Mike Scott writes how there is little doubt that the UK’s attempts over the last year to get a grip on its solar incentives programme were handled terribly.
The government announced a consultation period on proposed cuts last October but set the date for the cuts to come into force two weeks before the consultation period ended. As well as suggesting that the decision had already been made, it understandably got the back up of the UK’s solar industry and environmental groups, which took the government to court on the basis that its actions were unlawful – and won.
It also rather undermined coalition claims that it wanted to be the “greenest government ever” and suggested that ministers were not taking seriously their own rhetoric about creating green jobs and a low-carbon economy.
But while the execution was incredibly cack-handed – a case study in how not to go about it, in fact – the rationale was surely right. Downing Streetwas caught out by just how fast costs were falling in the sector as Chinese manufacturers ramped up capacity and the cost of key raw materials such as silicon dropped. The price of photovoltaic (PV) modules is 75% lower than it was three years ago and even today the price of silicon continues to fall by around 1% every week.
This meant that UK subsidy payments, known as feed-in tariffs (FiTs) quickly became far higher than needed to encourage uptake of solar. It is a fine balance between encouraging the roll-out of new technology and lining the pockets of early adopters.
Although the industry is understandably grumbling that support has been cut from 25 to 20 years, consumers are unlikely to lose out given the way other energy prices are predicted to rise over that period. And while the last six months have been unsettling for the sector, the apocalyptic forecasts of its demise are overdone.
Indeed, solar is in many ways a victim of its own success in bringing its costs down and seems likely to be the first energy sector to wean itself off subsidies within the next few years, in stark contrast to the more traditional nuclear and fossil fuel providers, which after many decades still remain heavily supported, according to the International Energy Agency.
The solar experience will provide a blueprint for other renewable energy technologies such as wind, wave and tidal and if these technologies can show themselves able to move to a post-subsidy future, it is sure to add to the growing pressure on the fossil fuel sector to wean itself off public support, too – something that G20 governments have signed up to, at least in principle.
A new paper by Bloomberg New Energy Finance says that PV prices have fallen “to the point where solar power is now competitive with daytime retail power prices in a number of countries.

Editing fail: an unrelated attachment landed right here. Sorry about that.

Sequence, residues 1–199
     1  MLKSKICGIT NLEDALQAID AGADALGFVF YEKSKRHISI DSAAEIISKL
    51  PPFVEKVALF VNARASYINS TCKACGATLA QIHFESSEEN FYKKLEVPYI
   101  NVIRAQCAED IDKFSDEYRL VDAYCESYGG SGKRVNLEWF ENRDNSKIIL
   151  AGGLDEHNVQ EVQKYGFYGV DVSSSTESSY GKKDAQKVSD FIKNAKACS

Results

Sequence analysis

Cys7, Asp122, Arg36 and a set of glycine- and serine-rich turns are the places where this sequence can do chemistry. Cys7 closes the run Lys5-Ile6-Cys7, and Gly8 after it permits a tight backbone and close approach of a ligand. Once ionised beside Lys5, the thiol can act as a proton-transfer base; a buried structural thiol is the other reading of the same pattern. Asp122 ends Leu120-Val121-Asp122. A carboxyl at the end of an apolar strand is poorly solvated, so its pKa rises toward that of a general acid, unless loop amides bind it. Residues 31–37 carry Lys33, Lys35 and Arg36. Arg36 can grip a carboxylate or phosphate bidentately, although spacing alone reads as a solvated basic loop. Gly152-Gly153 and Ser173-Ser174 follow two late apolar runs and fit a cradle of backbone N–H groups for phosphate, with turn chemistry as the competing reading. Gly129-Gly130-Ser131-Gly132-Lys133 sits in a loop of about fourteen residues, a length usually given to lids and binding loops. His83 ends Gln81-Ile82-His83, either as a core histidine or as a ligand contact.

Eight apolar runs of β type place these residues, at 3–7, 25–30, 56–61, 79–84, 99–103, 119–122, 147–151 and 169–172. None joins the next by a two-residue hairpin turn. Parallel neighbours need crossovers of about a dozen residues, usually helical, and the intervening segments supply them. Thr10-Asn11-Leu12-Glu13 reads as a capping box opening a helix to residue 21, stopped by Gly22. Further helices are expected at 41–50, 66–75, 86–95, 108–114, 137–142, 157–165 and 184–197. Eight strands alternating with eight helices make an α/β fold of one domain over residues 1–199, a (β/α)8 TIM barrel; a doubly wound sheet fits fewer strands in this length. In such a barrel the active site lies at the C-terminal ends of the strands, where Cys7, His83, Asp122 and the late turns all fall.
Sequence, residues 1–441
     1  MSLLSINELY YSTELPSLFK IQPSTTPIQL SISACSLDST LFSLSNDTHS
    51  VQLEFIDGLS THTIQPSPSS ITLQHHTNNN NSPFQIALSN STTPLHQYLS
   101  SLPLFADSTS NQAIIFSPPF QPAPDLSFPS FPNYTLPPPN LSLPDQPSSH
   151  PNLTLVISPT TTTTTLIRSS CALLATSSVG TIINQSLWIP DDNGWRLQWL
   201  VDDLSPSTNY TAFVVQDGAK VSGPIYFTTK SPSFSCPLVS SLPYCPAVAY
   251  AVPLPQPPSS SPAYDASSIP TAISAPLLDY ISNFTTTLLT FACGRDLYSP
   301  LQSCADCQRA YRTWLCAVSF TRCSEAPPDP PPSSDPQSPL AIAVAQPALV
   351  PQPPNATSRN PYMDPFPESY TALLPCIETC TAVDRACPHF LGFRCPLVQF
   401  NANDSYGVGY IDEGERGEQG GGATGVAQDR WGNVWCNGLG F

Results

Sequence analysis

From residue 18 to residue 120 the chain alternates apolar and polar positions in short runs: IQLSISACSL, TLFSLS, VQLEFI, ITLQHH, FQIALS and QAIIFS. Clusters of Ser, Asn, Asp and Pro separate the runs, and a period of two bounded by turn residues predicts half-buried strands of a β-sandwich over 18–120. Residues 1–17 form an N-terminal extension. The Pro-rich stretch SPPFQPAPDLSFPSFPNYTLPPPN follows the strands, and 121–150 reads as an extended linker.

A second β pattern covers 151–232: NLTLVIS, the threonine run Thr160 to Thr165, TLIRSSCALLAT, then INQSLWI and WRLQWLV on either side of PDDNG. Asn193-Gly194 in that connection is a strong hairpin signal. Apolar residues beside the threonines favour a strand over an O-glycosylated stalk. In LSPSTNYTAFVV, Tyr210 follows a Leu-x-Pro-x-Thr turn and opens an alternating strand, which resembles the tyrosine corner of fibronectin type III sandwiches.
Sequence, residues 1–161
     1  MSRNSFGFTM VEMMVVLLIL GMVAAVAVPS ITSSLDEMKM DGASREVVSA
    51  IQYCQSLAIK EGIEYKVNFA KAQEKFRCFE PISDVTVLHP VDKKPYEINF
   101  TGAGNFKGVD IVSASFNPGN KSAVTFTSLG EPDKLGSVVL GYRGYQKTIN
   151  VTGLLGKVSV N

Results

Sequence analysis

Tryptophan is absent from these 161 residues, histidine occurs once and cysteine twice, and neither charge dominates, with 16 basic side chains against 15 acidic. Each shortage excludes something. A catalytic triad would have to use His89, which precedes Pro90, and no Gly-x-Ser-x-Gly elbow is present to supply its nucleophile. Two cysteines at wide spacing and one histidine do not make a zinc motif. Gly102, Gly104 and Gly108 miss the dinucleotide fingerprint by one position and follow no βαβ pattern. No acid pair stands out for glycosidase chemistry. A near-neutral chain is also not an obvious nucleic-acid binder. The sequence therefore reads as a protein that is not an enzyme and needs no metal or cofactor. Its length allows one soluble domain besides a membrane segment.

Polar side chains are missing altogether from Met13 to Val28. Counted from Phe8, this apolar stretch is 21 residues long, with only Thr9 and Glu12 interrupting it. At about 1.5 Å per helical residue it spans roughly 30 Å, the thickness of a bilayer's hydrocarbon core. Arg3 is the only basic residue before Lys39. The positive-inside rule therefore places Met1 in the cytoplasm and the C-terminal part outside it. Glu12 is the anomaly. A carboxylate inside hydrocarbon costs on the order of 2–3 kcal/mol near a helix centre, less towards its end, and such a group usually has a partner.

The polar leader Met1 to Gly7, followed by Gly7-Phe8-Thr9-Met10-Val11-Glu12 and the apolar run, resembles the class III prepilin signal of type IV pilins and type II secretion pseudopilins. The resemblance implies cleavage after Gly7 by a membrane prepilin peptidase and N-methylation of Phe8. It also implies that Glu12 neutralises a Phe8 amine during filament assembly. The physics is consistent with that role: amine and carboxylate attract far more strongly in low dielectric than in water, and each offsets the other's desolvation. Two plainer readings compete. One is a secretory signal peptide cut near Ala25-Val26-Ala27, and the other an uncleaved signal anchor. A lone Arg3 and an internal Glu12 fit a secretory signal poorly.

“The shift in prices of solar technology carries major implications for policy and investment decision-makers, especially when it comes to the choice of generating technology and the design of tariff, fiscal and other support policies,” the clean energy analyst group says, “but many observers and decision-makers have yet to catch up with the improvements in the economics of solar power that have resulted from recent PV technology cost and price reductions.”
The UKis not the only country grappling with how to deal with this. Rates have been cut around Europe – in Spain, Italy, France, and the Czech Republic to name few – with even Germany, the world’s biggest solar market, struggling to reduce support in a smooth and predictable manner. According to the country’s grid regulator, German solar installations more than tripled in the first quarter compared to the same time a year ago in the run-up to a cut in the FiT.
The thing to remember is that the technology may have been around for decades, but as an industry, the solar sector is incredibly new and it remains extremely artificial. The world’s biggest solar markets are not China, where most solar equipment is made or Australia, Africa, India, Latin America and the Middle East where the solar resource is highest. Instead, they are Germany and Italy, thanks entirely to generous support schemes. But as costs continue to fall, solar power will become truly commoditised, its reach will increase further around the world, technology will continue to improve and costs will fall still further.
In the meantime, governments are having to learn as they go along how to manage subsidy regimes that are doing their job – as costs fall, subsidies are falling.
And the UK government does appear to have learnt its lesson – its latest proposals seem to have been well-received by the industry and provided the certainty that investors need. Cuts to the FiT have been delayed until August, from when the tariff for a small domestic solar installation will be 16p/kwh, down from 21p, and it will decrease every three months, with pauses if the market slows down. At the same time, the export tariff will be increased from 3.2p to 4.5p.
Even Friends of the Earth says that the industry “has been broadly put back on its feet”.
Just as importantly, the infrastructure the industry needs to enable it to thrive is catching up with the supply of cheap panels – recent examples include the change in planning regulations which means small-scale commercial solar installations no longer require planning permission and the announcement by Engensa of a dedicated loan that enables homeowners to “Pay-as-they-Save” for their solar PV system out of the FiT payments and savings from their energy bills.
The tale of UK solar subsidies was a sorry saga – but the future for the industry is looking brighter as a result of it.
Mike Scott is a freelance writer specialising in environment and business issues for the press and corporate clients. His work has been published in the Financial Times, The Times, the Guardian and the Daily Telegraph as well as in business publications ranging from Bloomberg New Energy Finance to Flight International.